For example, when playing with a doll, you can use questions to encourage curiosity and thinking – such as “the baby cannot talk, so how will we know if he is hungry or tired?” Or “He doesn’t have any teeth so what will he eat?” It’s a good way to prepare the child for understanding that baby will mostly communicate non-verbally and a great way to also support the child’s emotional development.

How to help your child adjust to a new sibling after birth

Allow them to feel involved with caring for the baby.

Similar to involving them in the preparation, involve your child in age-appropriate activities around the baby. Allow them to feel as though they have an important role in the family by bathing or feeding the baby, bringing toys or changing nappies.

If you’re playing with your child and the baby starts crying, ask them what they think the baby needs. This sense of importance allows them to fulfil a role rather than feeling pushed to one side for the baby to take priority.

When you are expecting visitors, it can also help to tell the child that the visitors are coming to see the child and to meet the baby. Perhaps the child could take the visitors to see the baby and tell them about him or her. Again, it gives them an important role and offers them a share of the attention.

Dedicate one on one time with the older child

Give plenty of time and attention to your older child and remind them that they are important to you with a special place in your heart that no one else can fill.

For example, if you can, feed the baby before your child arrives home from nursery or school so that you are able to spend time with them. You might find that they will be happy to go and entertain themselves once they’ve had their share of attention and understand that it’s now the baby’s turn.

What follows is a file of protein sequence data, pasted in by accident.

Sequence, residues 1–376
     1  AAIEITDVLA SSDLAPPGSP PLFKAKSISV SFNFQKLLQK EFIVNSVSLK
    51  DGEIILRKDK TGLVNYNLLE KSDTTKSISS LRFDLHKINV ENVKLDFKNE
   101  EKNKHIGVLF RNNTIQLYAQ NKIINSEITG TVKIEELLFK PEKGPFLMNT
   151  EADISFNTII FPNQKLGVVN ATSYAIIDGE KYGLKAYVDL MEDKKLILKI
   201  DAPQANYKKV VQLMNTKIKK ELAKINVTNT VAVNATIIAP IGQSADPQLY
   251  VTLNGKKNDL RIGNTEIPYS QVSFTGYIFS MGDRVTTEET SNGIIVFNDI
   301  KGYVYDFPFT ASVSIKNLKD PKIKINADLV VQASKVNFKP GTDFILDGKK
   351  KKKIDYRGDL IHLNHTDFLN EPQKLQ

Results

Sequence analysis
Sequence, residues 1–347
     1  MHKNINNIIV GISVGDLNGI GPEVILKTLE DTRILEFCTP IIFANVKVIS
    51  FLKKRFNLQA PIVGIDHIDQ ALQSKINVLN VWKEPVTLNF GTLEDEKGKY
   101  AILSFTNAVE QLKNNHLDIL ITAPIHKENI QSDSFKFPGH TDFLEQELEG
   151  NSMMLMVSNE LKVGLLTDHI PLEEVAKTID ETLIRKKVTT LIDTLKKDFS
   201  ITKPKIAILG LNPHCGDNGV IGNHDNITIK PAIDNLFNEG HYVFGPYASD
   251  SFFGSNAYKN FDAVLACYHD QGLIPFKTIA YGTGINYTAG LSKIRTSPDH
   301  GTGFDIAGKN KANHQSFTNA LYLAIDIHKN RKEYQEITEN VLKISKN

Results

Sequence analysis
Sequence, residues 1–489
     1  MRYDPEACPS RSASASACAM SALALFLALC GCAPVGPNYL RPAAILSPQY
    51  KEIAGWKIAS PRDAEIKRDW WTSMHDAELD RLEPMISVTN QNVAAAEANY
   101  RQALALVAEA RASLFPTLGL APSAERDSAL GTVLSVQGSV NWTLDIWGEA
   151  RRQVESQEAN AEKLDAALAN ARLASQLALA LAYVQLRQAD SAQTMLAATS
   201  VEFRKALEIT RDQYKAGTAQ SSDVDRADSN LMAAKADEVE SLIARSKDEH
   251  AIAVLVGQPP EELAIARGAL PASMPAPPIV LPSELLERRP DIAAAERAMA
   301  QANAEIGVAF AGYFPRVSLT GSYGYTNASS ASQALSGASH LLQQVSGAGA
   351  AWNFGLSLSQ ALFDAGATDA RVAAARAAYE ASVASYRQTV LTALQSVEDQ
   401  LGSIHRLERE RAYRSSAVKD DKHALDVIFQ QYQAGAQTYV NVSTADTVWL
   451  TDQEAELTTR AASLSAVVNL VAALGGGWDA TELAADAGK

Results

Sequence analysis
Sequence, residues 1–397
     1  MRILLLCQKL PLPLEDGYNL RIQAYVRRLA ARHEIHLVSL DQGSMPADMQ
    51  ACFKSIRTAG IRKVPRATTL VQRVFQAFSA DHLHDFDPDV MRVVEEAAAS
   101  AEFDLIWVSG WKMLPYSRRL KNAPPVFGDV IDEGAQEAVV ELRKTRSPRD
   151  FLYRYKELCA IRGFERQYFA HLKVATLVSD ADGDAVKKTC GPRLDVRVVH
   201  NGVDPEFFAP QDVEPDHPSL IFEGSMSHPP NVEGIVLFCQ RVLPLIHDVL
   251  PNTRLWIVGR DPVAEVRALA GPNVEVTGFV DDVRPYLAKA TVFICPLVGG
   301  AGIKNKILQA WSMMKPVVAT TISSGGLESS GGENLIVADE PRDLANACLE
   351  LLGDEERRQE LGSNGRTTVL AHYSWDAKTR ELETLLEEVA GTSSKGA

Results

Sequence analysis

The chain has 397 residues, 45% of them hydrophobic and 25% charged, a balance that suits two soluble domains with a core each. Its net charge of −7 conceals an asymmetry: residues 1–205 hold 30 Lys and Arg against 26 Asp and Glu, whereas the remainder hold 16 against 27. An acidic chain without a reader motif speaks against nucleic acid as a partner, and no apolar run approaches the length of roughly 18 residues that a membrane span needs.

Choose your language carefully

Think very carefully about your choice of words and try not to put emphasis on anything negative.

For example, children are curious and naturally will be drawn to touch the baby (often the face!). Instead of saying “don’t touch the baby’s face”, provide an alternative. You might like to say something like “the baby doesn’t like having his face touched, but he loves it when you touch his feet”. Not only does this take away the negativity, but it reminds the child that they aren’t bad and you aren’t angry with them.

Explore emotions

It’s healthy for children to express emotions – whether that be happiness, joy, anger or jealousy – so offer them a platform to do so. Avoid putting words in their mouth, such as “you love your little sister, don’t you?” but instead ask them how it feels to be a big brother or sister. It would then help to validate their experience by repeating what they said and adding “that makes sense”.

Avoid guilt!

Try to move away (as much as possible) from feeling guilty for the older child. The child sees themselves in your eyes and if they see guilt they might think there is something they need to be compensated for. A new baby in the family is a positive event, it’s a gift for all involved, and among other things it shows the other children at home that they have grown.

Dr Kalanit Ben-Ari (Instagram: @Dr_Kalanit) is a parental advisor, relationship therapist, speaker and author. For more information, visit www.kalanitbenari.com.